Prior to leaving Tahiti, Niue was an Island I had never heard of. Although the glowing reports that had filtered through from other cruisers who had previously stopped there on their way to New Zealand, said that Niue was an Island not to be missed.
1,100 nautical miles west of Bora Bora, and 600 miles from Rarotonga, Niue, affectionately known as “the Rock” is composed of coral limestone, the largest single coral formation in the world. The interior is the remains of a lagoon, flat and now heavily forested. There is no surrounding lagoon only a brief skirt of limestone reef protecting the Island.
On land the coral has produced many caves, caverns and arches. There are no rivers or streams, so the rainwater filters through the coral and passes into the sea completely devoid of any sediment. This means the surrounding ocean is crystal clear, with visibility often up to as much as 230’.
We were absolutely astounded by the clarity of the water. Paul took his snorkeling gear to check their mooring line, and could clearly see the ocean bed, almost 200’ below their boat.
Both ‘Crazy Daisy’ and ‘Babe’ were on moorings off the main town of Alofi. Anchoring is difficult here and best avoided not only because of the depth but the seabed topography, anchors can easily get lodged in rock fissures. Moorings have been placed off the town for visiting yachts.
The day we arrived (Sunday 23rd October), we were picking up our mooring when a large turtle swam along side welcoming us to Niue, this was followed by a couple of butterflies, we were later to discover Niue is an Island full of butterflies. Our next treat was to see a humpback whale and calf swimming just behind Babe. It’s rather late in the year for the humpbacks to still be in these waters so we were really lucky to see this one with her calf.Humpback Whale with calf, calf’s fin just visible behind Mother
Taking the dinghy ashore proved to be a real adventure! As there is no dinghy dock, shelter or beach landing, small craft and dinghies have to be lifted at the concrete wharf by crane and placed in allotted parking spaces. For most dinghy’s this isn’t a problem, but our “Whoops-a-Daisy” is very heavy, between the steering, large engine and seating, she is about three or four times the weight of most dinghies. Bob had already prepared a sturdy lifting bridle for the purpose of lifting her out, but my heart was in my mouth as I watched him and Paul operating the crane lifting Whoops-a-Daisy out of the sea and onto the land, also, some bright spark had run off with the trolly for moving the dinghies, and even with six of us we barely managed to manhandle her out of the way ready for the next dinghy to arrive.Dinghy crane in action!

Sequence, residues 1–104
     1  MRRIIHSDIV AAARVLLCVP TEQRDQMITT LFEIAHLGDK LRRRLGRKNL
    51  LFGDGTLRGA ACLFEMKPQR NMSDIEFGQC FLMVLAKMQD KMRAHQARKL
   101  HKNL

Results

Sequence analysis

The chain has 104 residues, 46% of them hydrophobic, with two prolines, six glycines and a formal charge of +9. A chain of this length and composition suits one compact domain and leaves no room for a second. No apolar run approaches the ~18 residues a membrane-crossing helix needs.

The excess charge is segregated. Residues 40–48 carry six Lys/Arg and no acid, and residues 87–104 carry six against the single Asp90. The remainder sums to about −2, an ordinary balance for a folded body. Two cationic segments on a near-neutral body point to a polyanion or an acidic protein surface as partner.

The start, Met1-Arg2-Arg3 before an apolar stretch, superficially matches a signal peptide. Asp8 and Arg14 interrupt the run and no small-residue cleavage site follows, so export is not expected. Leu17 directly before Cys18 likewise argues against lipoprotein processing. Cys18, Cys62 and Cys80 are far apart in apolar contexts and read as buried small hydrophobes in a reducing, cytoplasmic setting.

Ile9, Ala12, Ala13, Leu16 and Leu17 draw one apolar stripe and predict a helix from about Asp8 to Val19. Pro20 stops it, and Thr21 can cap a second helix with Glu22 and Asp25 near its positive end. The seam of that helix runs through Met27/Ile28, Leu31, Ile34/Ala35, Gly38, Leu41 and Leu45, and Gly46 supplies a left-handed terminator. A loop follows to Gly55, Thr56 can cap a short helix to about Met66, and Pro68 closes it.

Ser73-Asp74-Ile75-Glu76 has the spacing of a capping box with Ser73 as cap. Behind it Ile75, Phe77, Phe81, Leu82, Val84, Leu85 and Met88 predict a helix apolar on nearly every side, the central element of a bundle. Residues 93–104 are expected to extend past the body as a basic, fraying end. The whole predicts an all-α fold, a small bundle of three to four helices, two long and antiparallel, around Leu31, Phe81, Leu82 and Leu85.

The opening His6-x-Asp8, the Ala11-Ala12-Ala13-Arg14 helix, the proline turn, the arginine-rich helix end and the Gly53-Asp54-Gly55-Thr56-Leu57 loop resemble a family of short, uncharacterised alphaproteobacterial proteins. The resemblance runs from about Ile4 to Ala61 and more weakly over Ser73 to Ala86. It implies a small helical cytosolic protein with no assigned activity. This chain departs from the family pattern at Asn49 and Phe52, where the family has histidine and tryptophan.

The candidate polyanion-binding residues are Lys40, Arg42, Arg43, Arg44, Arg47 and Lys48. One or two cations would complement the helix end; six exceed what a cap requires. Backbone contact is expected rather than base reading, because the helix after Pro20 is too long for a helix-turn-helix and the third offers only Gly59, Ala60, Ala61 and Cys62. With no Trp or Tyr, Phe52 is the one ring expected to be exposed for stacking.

Both Sunday and Monday were church holidays here so just about everywhere was closed, but on Tuesday we rented a car and set off around the Island to explore.
Our first stop along the road was at Peniamina’s Burial site, he was the Niuean who introduced Christianity to Niue. The burial site was elaborate and beautifully decorated with colorful floral arrangements.
We then moved on to the Avaiki Cave in Makefu. This was really spectacular, the site of Niue Ancestor Kings private bathing cave, also the site of the first canoe landing. The word that comes to mind here is “WOW”. It was stunningly beautiful with all the colors of the water and the coral rocks and stalagmites. A couple of local children were swimming in the pool and leaping from cliff ledges high up in the cave, dropping like stones into the clear water of the pool below, for once I was glad Ed was not with us, as he would have been doing the same and giving me heart failure. Paul ventured to dip his foot into the water, it was apparently quite cold!
After taking many photographs, and having left our swimming gear in the car, we climbed back up the steep path to the car, to move on to our next planned stop, Limu Pools at Namukulu. This time we took our swim gear with us. The water was quite cold at first but warmed at different locations throughout the pools, the setting was breathtakingly beautiful, and it was refreshing to take a cooling swim through the pristine clear water.
Matapa Chasm at Hikutavake was our next stop. The walk down to the water was through a rainforest filled with a magical cloud of butterflies, they were everywhere.